Table 1. Damages by animals [6].

Type of animal Damages Ranking of Damages
killings Properties and Crops
Elephant Killing of human Crops (paddy, coconut, Banana and other) First place First Place
Monkey Injuring human Crops (coconut, Banana and other crops in home gardens) Third place Second place
Giant Squirrel Crops (coconut, Banana and other crops in home gardens) Non Third place
Crocodile Killing human and animals Second place Non
Porcupine Crops (coconut, Banana and other crops in home gardens) Non Second P\place
Peacock Paddy, crops (coconut, Banana and other crops in home gardens) Non Third place
Wild pig Crops (coconut, Banana and other crops in home gardens) Non Third place

Community Involvement in Wildlife Management

The Department of Wildlife Conservation (DWC) has launched new programs to promote community consultation in wildlife management through its outreach programs. The current wildlife policy mainly focuses on “Conservation of Wildlife Heritage for Present and Future Generation”. The mission of the DWC is to “conserve wildlife and nature by the sustainable utilization of men, material and land through participatory management, research, education, law enforcement and ensure the maintenance of biodiversity and forest cover as exist today” [5]. The Department also launched a number of programs to convert poaches as wildlife conservators. This program launched in Gal Oya (in the south-west) and a number of positive results were the outcome of this initiation. In addition, field officers are being trained in the National Wildlife Training Centre (NWTC) which was upgraded recently with modern curriculums [6]. DWC is working with a number of public and private institutions to promote community consultation process in the sector. Community forestry concept is effective in improving forest cover while managing human, animal habitats with community involvement [7]. Sri Lanka Wildlife Conservation Society (SLWCS), The Wilderness and Wildlife Conservation Trust, Nature Conservation Society (NCS) and The Wildlife and Nature Protection Society (WNPS) are the key active agencies among them. These agencies guide both DWC and communities to minimize conflicts between human and animals through reducing community pressure on forest and forest resources.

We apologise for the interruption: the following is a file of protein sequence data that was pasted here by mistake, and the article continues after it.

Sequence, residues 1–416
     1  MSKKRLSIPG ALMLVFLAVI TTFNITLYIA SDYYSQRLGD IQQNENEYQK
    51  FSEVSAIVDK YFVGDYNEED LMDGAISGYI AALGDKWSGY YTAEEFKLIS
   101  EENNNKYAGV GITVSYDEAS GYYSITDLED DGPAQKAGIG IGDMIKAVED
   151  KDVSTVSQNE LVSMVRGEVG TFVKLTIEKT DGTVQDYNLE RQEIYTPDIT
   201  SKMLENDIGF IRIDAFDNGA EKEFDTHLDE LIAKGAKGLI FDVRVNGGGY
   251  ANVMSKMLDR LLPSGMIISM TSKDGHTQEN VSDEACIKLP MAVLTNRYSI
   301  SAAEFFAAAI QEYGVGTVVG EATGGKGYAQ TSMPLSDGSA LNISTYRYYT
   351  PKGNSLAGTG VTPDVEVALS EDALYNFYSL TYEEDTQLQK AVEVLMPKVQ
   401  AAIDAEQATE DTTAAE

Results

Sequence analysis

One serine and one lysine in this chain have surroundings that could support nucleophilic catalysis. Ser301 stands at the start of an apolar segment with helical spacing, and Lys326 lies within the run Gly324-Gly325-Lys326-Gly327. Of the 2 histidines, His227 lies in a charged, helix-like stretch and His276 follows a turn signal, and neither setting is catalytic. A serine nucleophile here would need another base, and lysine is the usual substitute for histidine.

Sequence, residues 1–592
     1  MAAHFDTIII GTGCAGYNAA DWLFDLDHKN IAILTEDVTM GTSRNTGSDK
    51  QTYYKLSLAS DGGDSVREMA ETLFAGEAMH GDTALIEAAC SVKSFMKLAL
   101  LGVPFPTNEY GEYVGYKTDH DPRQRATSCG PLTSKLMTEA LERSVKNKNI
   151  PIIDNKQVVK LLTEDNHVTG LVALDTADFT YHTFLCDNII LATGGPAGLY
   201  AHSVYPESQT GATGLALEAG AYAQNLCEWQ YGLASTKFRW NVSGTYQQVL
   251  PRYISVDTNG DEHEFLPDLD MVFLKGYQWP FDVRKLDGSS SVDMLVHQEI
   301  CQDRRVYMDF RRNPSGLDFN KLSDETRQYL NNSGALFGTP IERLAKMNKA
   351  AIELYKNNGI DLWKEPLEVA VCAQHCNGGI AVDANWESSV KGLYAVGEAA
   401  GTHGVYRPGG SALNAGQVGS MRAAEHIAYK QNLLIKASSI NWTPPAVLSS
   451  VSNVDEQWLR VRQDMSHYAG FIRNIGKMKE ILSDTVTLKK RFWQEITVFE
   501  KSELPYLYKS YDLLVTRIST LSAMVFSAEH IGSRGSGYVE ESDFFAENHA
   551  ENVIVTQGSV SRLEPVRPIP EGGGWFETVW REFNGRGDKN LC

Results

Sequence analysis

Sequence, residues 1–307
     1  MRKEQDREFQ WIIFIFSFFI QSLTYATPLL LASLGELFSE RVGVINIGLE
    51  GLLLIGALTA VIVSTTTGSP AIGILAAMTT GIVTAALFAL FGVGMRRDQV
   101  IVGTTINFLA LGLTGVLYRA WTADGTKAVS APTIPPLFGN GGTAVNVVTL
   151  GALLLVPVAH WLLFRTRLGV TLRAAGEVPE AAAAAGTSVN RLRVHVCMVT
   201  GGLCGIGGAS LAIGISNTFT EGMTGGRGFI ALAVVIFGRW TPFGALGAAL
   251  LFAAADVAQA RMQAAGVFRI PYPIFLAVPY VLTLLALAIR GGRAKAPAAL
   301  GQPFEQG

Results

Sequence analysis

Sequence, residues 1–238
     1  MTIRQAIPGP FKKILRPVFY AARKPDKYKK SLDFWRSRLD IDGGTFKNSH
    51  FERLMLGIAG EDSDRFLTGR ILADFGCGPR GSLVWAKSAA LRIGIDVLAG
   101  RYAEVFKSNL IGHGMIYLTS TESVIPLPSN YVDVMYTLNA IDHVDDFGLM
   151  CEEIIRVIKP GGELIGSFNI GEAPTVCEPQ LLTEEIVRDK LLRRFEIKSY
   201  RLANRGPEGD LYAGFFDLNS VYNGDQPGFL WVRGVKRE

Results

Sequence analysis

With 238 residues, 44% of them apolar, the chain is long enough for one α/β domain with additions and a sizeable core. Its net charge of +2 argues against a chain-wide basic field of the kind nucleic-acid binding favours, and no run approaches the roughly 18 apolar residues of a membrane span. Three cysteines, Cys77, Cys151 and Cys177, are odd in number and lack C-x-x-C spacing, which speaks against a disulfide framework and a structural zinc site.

However, the DWC has to do more work to achieve active community involvement in wildlife resource management and human-animal co-existence. The above societies and Community Based Organizations (CBOs) could work as intermediary agencies to promote community consultation and involvement. Vigorous and effective programs are necessary to go beyond education, training and awareness. The main criticism for DWC is that they work mainly on animals and focus on human is rather less [4]. Emerging community leaders will lead to improved community consultation and engagement. Advocacy programs are also essential but working with communities at the grassroots level should be strengthened [8]. Conflict between DWC goals and community attitudes is common in any country. At the same time poverty of adjacent communities and activities by culprits mainly challenge the department’s objectives. This is a huge challenge face by DWC [6].

Strengths and Challenges in Community Consultation Processes

Strengths

• Legal authority is given to DWC by parliamentary acts and regulations to work on their vision and mission.

• Sri Lanka has named as a biodiversity hot spot in the world with top seven wild animals and DWC has empowered for conservation of such resources.

• Committed and multi-skilled field staff to carry out duties.

• Positive links with tourism sector.

• Establish and maintain sanctuaries as animal habitats with the government financial support.

• Training facilities available for officials in all levels at NWTC.

• Support from societies and private agencies. The DWC has a good rapport with private sector partners.

• Follow up on current world trends on wildlife management and conservation.

Challenges

There are so many barriers and challenges for effective community consultation in the wildlife sector. Among them following are the key issues to focus to improve community consultation.

• The wildlife field is vast and need a new focus or look for conservation of diverse resources with community involvement.

• Reduction of forest cover adversely affected on animals’ habitat. This is one of the reasons for conflict between animals and communities.

• Diminishing wildlife resources due to biodiversity issues and climate changes.

• Lack of food and water for animals within sanctuaries.

• Negative community attitudes towards DWC and its’ officers due to animal damages on their crops.